Monitor network connections and listening ports with SCOM

The following article briefly explain the components of a SCOM management tool I published on GitHub that allows you to monitor network connections and listening ports with the help of netstat and PowerShell.

System Center Operation Manager (SCOM) TCP port monitoring allows you to identify whether a port on a target machine responds. However, cases exist where you don't want to or can't establish a connection to the remote machine. The management pack discussed in this post uses netstat and PowerShell to monitor active connections and listening ports.

Diagram view showing monitored listening ports and TCP connections

Diagram view showing monitored listening ports and TCP connections

To ensure the management pack also runs on Windows Server 2008 R2, it is compatible with PowerShell version 2.

SCOM connections and ports discovery ^

SCOM first has to discover the connections or ports that need monitoring. The file named monitoredTcpConnects.csv stores the connection and has this structure:

It needs to store the ports in a file named monitoredListeningPorts.csv:

Listing connections and listening ports ^

Running netstat -ano lists all established connections and listening ports including the process identification number (PID):

Listing all connections and listening ports with netstat

Listing all connections and listening ports with netstat

The PowerShell function below runs netstat, stores the result in a file, and then converts the file into a list of objects for further processing. A parameter decides whether the list will contain "listening port objects" or "established connection objects." Note that piping the output of netstat ‑ano into a file that it then reads is faster than directly storing the result in a variable.

Interpreting output and initiating reaction ^

To check whether a defined connection is active or a port is listening, we compare "should and is." I only show the script for the connections below because the code for listening ports is very similar. You can download the entire solution from GitHub.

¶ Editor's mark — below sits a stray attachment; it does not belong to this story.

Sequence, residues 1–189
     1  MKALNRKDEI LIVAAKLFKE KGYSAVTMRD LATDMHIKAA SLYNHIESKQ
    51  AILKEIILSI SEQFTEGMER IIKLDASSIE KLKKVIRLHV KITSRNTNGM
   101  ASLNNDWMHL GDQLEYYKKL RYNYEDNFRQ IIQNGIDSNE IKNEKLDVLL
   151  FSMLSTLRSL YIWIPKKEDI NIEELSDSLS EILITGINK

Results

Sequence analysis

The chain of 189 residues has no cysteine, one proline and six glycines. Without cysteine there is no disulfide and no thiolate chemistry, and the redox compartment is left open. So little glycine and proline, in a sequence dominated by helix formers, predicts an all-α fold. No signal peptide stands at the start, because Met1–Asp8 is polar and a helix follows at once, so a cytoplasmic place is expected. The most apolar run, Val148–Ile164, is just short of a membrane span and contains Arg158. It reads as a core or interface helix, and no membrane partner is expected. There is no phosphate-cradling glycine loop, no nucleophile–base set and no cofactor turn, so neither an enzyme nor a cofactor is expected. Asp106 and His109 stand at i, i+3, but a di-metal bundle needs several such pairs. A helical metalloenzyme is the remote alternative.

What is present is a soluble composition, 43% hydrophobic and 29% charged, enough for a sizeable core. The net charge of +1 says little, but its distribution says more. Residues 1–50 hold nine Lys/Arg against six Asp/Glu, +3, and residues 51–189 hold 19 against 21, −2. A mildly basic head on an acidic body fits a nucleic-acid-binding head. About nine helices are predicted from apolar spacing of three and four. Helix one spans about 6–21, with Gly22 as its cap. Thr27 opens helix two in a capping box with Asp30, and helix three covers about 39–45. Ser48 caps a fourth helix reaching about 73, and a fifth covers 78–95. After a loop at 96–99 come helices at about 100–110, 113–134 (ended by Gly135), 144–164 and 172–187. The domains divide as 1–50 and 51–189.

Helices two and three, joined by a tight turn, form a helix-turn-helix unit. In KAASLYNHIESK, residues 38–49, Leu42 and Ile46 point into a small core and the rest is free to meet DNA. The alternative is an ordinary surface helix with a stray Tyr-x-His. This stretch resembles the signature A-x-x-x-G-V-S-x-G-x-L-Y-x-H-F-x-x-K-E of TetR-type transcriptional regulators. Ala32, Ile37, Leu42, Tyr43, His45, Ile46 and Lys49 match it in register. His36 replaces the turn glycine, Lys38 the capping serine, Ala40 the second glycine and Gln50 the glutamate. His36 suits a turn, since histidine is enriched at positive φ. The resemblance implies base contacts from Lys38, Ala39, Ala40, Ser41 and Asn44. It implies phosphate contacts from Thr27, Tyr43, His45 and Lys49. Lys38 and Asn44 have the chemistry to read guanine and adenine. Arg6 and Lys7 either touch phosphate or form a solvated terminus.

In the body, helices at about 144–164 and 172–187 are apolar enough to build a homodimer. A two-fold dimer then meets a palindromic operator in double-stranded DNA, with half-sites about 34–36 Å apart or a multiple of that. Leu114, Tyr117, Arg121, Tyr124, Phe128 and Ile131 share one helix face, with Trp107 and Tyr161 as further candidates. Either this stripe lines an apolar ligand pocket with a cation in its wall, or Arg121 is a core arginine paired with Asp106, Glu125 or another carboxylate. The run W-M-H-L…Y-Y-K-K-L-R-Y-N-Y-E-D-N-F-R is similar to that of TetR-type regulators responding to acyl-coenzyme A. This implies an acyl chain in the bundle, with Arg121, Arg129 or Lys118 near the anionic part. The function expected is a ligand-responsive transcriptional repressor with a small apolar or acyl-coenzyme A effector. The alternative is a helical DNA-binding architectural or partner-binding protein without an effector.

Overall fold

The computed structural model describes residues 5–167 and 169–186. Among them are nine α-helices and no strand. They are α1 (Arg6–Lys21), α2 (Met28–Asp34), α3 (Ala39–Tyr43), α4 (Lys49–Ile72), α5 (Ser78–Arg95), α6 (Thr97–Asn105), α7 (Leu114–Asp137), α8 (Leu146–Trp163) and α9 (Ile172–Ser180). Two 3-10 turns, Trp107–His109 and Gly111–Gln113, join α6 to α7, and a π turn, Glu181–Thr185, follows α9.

Management pack components ^


Everything in SCOM that has a health state is an object. Instead of checking all Windows computers whether those files exist, we define a dedicated computer class.

We also require a class for TCP connections and listening ports:


"Discovery" is the the mechanism of creating objects that match the definition and storing them in the SCOM database. There are different types of discoveries, starting from matching registry values over results of a Windows Management Instrumentation (WMI) query to scripts that can cover everything. Targets define on which component the discovery will run.

First, we use the discovery Discovery.NetstatWatcher.Computer to find computer objects. It targets all Windows computers (which SCOM already monitors).

The FilteredRegistryDiscoveryProvider discovery scans the registry, and if the key HKLM\ SOFTWARE\ABCIT\NetstatWatcher exists, it will create the object. The interval is daily.

Also discovered here is the FilterPath, which defines the path in the file system where we'll find both text files.

The second discovery Discovery.NetstatWatcher.listeningPorts finds listening ports reading out monitoredListeningPorts.csv. It targets the previously discovered …NetstatWatcher.Computer computer objects.

The TimedPowerShell.DiscoveryProvider triggers the DiscoverNetstatWatcherItems.ps1 PowerShell script that does the logic (see above: Preparing raw data). The interval is hourly.

The third discovery Discovery.NetstatWatcher.tcpConnections finds listening ports reading out monitoredTcpConnects.csv. It targets the previously discovered …NetstatWatcher.Computer computer objects.

The fourth and fifth discoveries Discovery.NetstatWatcher.ComputerHostsTcpConnections / …ComputerHostsListeningPorts create the relation between computers and the monitored objects.

The TimedPowerShell.DiscoveryProvider also triggers DiscoverNetstatWatcherItemRelations.ps1 script. The interval is hourly.


Monitors are for finding out which health state an object has.

  • tcpConnection targets all objects of the class Network.Windows.Computer.NetstatWatcher.TcpConnection.
  • listeningPort targets all objects of the class Network.Windows.Computer.NetstatWatcher.ListeningPort.

This monitor here uses the PowerShell script MonitorNetstatWatcherItems.ps1 to determine the state of the object (see above: Interpreting output and initiating reaction). The interval is every five minutes.


State views make all discovered objects and their health states visible.

State view showing listening ports

State view showing listening ports

State View showing TCP connections

State View showing TCP connections

The system creates alerts for non-listening ports or lost connections. The NetstatWatcher Alerts view shows these.

Conclusion ^

You can download the management pack with the .xml or. mpb extensions from GitHub. I published the entire software under the GNU General Public License GitHub. Feel free to use it without costs or obligations. The software is provided "as is" without express or implied warranty.

If you don't like the naming used, feel free to change the text in the XML file. Make sure you search with case sensitivity. I used Visual Studio 2015 with the Authoring Extensions add-on for this management pack.

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